In addition to loving your wife, admire her. Express your admiration all the time.

Never miss a chance to make a ridiculous pun.

Celebrate the stupid stuff that happens to you (Mike's post-hernia-operation party became an annual event).

Revel in the personality quirks of your kids and your friends.

Try any food at least once.

Listen more than you talk.

Love animals.

Retire before you have to.

Move to the woods to live deliberately.

Build your dreamhouse. Live in it with your darling. Invite everybody over.

Laugh, laugh, laugh.

And when you do yet another good thing for yet another person, and the person wants to pay you back, just say, "Pass it on."

Man, I'm gonna miss that guy. The last time I talked to him, early this year, he was feeling good, having survived a heart attack the year before, and having gotten Donna through a cancer scare. They were back to their lives, starting to plan trips and get-togethers. He sounded great.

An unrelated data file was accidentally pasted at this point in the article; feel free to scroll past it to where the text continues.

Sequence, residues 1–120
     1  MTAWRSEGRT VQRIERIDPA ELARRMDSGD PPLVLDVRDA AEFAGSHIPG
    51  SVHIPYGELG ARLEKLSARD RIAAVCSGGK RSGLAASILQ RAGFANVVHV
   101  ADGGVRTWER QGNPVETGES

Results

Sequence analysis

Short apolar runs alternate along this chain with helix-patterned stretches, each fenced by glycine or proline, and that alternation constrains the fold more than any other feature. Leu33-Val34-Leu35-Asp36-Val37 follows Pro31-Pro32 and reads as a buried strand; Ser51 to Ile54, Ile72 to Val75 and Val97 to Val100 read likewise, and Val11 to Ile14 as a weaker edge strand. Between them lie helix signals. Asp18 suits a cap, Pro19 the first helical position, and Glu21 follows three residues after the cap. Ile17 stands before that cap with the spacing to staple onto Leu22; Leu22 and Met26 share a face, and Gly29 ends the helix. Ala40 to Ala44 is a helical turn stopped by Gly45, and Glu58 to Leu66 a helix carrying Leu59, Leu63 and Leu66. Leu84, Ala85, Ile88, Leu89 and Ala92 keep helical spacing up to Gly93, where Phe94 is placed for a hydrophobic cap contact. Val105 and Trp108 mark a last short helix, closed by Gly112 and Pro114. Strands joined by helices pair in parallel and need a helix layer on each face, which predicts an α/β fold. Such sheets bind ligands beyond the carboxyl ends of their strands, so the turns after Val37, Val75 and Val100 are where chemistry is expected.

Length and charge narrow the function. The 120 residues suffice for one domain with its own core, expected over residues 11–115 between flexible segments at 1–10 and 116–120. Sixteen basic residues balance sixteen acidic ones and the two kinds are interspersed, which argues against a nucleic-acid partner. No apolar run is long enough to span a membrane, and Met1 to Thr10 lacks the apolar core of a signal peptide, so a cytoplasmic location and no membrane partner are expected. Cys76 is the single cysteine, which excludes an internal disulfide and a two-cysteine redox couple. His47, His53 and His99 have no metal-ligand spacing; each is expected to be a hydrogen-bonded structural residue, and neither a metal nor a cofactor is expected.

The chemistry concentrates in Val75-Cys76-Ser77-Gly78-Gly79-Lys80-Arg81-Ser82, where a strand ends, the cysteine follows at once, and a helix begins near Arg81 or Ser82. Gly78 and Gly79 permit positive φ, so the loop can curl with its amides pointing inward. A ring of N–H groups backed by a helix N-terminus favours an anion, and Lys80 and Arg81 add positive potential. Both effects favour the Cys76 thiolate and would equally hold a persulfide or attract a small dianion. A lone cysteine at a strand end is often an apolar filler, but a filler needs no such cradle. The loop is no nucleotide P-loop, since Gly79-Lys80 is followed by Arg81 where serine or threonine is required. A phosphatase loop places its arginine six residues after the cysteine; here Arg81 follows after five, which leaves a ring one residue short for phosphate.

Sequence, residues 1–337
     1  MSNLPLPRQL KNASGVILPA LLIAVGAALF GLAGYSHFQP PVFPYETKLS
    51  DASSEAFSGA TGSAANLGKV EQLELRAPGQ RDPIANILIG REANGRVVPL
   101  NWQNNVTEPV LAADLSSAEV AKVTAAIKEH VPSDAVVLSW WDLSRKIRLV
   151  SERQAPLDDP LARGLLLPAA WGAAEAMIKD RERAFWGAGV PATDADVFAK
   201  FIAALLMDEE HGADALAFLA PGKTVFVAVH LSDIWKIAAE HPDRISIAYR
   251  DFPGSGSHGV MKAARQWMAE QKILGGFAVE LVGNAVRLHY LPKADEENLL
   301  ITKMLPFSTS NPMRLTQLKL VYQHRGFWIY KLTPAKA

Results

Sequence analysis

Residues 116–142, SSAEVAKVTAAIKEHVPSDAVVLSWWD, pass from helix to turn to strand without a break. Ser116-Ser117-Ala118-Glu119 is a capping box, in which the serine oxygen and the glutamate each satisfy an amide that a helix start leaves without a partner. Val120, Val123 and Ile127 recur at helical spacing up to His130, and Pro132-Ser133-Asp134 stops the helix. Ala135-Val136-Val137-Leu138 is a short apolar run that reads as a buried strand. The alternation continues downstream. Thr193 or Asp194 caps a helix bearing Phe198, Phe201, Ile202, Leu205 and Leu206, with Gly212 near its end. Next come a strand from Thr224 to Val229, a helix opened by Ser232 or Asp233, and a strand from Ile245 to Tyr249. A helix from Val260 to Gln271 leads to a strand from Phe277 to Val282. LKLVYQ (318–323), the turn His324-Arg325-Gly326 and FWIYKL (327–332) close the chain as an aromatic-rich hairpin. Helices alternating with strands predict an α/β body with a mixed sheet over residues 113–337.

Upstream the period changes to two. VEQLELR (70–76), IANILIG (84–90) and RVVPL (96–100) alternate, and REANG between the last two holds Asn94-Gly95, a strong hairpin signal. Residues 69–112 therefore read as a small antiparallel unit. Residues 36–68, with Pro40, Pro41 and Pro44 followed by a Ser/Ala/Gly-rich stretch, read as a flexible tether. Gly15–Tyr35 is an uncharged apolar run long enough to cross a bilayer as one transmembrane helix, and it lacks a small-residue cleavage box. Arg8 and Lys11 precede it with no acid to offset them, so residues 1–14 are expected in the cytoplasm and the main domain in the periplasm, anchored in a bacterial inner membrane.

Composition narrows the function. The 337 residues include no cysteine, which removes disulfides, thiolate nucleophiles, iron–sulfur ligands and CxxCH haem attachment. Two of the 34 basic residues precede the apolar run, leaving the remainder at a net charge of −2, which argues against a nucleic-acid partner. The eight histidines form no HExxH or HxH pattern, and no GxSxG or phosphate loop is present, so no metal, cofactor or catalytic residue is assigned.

The first time I called Donna after the memorial service, I got the answering machine. Mike's voice was still on it. I just about fell over. He had such a deep, rumbly, warm smile of a voice. It instantly reminded me of sharing an antique church pew with Mike in the office living room at staff meetings. When he spoke, his voice would vibrate through the wood of the bench and I could feel it in my bones.

Mike resonated. Best vibes of any friend I ever had. He made the life of everyone who knew him better. I still can't believe he's gone.


Mol the Doll said...

Mike was good to me, too.